Well, I may be something of an optimist, but I am also no fool.  I knew perfectly well that attempting to get a solid night’s sleep while camping at a music festival would present some challenges.  But I could handle it, I gamely assured my brother, my traveling companion.  Here’s some earplugs, just in case, he said anyway.  I tucked the earplugs away in my bag, and we set off for the main festival, intending, and having, a good time.

Midnight was rolling around, and neither of us really cared about the final performance of the night, so we ended up turning in earlier than the majority of the crowd.  In the sweet near-silence of an airy spring night, with only crickets and the nearby gurgling brook as punctuation, I curled up in my sleeping bag and determinedly closed my eyes.  Perhaps, if I fell asleep soon enough, I’d be too sound asleep to be woken up by the returning revelers.

Alas, it was not to be.  The crowd returned, and their incessant “YAK yak yak yak” SCREECH “YAK yak YAK yak” SCREECH “yak YAK YAK yak” SCREECH woke me up quite thoroughly.

So it begins, I thought, grimly.  Oh get a grip, I told myself.  You lived basically across the street from your college town’s bar district for two years.  If you could handle that discordant noise Thursday through Sunday on a regular basis, you can handle this.  Yes, so I can, I agreed, and began to fall back asleep.

Of course, I forgot to mention, this particular festival encourages folks to bring their acoustic instruments and to initiate jam sessions with all and sundry. So it was that I soon heard a double bass player began a line of notes that, in the words of the Charlie Daniels Band, sounded something like this:

BUMbumbumbumbumbumbumBUM BUMbumbumbumbumbumbumBUM BUMbumbumbumbumbumbumBUM BUMbumbumbumbumbumbumBUM BUMbumbumbumbumbumbumBUM BUMbumbumbumbumbumbumBUM BUMbumbumbumbumbumbumBUM BUMbumbumbumbumbumbumBUM BUMbumbumbumbumbumbumBUM BUMbumbumbumbumbumbumBUM BUMbumbumbumbumbumbumBUM BUMbumbumbumbumbumbumBUM BUMbumbumbumbumbumbumBUM BUMbumbumbumbumbumbumBUM BUMbumbumbumbumbumbumBUM BUMbumbumbumbumbumbumBUM BUMbumbumbumbumbumbumBUM BUMbumbumbumbumbumbumBUM BUMbumbumbumbumbumbumBUM BUMbumbumbumbumbumbumBUM BUMbumbumbumbumbumbumBUM BUMbumbumbumbumbumbumBUM BUMbumbumbumbumbumbumBUM BUMbumbumbumbumbumbumBUM BUMbumbumbumbumbumbumBUM BUMbumbumbumbumbumbumBUM BUMbumbumbumbumbumbumBUM BUMbumbumbumbumbumbumBUM

Repeat to infinity, or the closest thing to it.

“Well, if the player knew eight notes, that’s actually not so bad…” a friend, a bass player himself, later protested.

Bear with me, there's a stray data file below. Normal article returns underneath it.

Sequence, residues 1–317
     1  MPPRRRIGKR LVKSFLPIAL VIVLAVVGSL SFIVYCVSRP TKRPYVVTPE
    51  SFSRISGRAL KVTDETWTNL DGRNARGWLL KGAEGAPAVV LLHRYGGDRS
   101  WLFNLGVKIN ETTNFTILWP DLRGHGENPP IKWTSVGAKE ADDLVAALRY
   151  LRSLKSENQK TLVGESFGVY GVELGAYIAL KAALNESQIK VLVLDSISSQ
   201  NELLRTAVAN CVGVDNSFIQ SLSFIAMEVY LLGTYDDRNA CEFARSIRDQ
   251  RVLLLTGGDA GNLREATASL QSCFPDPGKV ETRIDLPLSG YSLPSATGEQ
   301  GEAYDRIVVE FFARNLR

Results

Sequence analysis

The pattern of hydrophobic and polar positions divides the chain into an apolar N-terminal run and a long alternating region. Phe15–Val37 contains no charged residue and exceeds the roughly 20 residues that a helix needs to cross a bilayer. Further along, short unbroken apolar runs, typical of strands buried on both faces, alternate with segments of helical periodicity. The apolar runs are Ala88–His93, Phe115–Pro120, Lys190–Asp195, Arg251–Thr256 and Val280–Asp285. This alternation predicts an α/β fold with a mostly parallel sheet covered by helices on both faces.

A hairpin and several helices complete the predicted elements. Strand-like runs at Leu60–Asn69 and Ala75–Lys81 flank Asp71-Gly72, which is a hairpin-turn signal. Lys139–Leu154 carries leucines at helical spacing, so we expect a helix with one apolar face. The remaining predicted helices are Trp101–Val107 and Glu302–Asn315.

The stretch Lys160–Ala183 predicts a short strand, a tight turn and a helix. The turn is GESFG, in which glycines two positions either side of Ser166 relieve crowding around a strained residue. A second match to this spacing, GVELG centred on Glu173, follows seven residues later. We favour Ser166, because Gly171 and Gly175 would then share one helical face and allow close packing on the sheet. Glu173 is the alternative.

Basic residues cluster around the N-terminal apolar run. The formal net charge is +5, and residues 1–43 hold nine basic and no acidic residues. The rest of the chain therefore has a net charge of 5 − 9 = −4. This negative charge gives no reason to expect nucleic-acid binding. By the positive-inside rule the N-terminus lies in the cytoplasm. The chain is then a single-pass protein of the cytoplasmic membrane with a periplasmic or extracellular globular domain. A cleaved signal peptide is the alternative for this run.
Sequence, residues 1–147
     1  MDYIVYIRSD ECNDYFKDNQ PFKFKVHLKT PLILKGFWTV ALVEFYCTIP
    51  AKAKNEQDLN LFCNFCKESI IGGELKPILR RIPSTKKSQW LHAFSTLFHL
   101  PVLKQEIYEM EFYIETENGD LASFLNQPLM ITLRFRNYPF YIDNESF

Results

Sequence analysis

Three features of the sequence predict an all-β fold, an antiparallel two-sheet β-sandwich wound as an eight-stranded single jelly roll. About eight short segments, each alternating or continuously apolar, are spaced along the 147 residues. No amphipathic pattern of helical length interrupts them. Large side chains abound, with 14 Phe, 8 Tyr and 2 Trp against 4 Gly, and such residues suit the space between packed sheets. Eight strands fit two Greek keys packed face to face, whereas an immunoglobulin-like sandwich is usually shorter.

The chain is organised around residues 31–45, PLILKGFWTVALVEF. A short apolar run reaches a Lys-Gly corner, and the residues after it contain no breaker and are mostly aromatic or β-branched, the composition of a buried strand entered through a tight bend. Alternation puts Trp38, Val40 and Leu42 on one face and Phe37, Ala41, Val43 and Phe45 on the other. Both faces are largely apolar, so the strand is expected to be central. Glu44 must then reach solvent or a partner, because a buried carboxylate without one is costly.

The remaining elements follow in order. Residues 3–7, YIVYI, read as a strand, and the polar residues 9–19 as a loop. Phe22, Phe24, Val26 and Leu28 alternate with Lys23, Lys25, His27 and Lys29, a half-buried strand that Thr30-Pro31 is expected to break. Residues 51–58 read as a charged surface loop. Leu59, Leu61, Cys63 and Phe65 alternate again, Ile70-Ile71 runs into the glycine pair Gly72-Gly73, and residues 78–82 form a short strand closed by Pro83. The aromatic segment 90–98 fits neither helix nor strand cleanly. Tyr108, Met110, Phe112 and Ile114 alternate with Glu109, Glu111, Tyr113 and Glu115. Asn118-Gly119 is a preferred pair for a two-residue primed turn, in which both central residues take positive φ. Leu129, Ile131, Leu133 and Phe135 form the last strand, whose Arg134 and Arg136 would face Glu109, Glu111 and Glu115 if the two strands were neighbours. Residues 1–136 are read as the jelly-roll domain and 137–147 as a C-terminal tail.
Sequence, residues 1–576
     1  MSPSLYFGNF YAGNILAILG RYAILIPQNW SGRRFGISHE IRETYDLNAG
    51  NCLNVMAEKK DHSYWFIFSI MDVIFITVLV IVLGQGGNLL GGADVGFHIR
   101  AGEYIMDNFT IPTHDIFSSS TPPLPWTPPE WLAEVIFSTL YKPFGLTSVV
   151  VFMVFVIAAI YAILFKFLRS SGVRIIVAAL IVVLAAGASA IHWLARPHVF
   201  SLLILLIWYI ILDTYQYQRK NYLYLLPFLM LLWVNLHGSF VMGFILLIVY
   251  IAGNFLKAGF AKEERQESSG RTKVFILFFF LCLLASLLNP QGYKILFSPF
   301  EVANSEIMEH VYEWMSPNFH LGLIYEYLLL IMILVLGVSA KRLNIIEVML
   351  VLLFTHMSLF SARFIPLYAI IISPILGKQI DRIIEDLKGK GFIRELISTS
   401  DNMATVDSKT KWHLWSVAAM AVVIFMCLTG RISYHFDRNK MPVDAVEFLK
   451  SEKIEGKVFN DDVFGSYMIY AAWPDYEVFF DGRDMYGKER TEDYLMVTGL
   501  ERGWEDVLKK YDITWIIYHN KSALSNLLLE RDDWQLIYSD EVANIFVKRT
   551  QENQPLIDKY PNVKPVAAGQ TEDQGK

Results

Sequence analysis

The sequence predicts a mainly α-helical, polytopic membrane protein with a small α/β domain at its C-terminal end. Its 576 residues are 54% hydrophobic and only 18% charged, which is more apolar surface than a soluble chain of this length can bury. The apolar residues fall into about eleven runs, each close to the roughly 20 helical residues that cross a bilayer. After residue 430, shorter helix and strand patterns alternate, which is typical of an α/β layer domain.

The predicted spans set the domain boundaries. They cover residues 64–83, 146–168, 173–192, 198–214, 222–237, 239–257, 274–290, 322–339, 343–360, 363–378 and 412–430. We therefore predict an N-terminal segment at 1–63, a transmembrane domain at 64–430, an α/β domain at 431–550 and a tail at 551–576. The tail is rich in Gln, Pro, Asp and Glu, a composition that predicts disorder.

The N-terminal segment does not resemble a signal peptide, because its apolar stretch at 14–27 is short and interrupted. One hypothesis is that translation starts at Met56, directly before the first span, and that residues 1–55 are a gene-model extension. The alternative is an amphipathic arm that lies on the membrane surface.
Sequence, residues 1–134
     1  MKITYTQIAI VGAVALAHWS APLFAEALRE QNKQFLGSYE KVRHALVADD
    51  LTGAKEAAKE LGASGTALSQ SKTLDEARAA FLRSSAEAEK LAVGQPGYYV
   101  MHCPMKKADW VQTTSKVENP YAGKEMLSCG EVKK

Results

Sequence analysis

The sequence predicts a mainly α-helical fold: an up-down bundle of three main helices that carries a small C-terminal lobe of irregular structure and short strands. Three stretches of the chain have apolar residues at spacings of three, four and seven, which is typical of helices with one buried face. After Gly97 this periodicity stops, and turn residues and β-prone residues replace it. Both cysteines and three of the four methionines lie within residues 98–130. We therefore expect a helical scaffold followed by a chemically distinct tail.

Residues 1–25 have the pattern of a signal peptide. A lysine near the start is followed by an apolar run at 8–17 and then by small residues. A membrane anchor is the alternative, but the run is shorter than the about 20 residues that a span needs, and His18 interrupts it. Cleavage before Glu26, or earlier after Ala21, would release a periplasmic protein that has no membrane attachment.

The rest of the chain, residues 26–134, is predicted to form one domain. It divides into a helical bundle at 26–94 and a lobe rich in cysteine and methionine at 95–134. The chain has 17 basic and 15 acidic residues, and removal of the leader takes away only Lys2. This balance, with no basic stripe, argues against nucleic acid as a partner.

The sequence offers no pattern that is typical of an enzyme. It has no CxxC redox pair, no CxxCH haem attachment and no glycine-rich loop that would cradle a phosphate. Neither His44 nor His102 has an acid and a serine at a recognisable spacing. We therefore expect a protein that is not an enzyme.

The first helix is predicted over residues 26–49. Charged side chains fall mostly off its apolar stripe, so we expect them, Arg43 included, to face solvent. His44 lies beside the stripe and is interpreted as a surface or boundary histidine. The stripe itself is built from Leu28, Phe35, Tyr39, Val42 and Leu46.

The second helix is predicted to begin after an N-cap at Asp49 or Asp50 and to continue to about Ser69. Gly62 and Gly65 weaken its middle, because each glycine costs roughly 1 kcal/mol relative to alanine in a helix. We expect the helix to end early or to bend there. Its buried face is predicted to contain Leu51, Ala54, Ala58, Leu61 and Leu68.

“Eight notes, exclusively in that order,” I clarified.

“Oh,” said my friend.

Still, thought I, staring at a tent pole, at least the bass is an acoustic instrument.  I really can’t complain all that much.

BUMbumbumbumbumbumbumBUM, continued the bass player.  I closed my eyes…

…and opened them again when the violin began screeching along.  All right, perhaps that’s a bit harsh.  It actually sounded rather mellow, a soothing voice capable of swinging me to sleep, if I’d let it.  It worked, too, for a little bit.  I focused on the violin’s melody, and felt myself drifting away.

And that was when the trumpet started.

To describe its tone as “blaring” doesn’t quite cut it.  It sounded like a particularly peeved goose with a piercing array of pipes.  And I was going to wring its neck.

I sat up, disentangled myself from my tent, marched in the direction of the squawking trio, and in summary, Officer, that’s how I ended up wrenching a trumpet away from a complete stranger and tossing said trumpet in the nearby creek.  Now, can I go back to sleep, please?

Oh, all right.  In reality, Buttercup remembered the ear plugs her brother gave her, and managed to suck it up and doze fairly comfortably.  When she woke up a few hours later, the trio had ceased, and she actually slept fairly well.

She would have slept better, of course, if the solo bongo drum player hadn’t decided that what the world needed now wasn’t love, sweet love, it was his sweet solo bongo-ing. I think someone eventually told him to cut it out.  However, the fact that I didn’t toss said bongo drum in the creek first is, to be completely honest, a slight regret.  It would have made a good story, after all.

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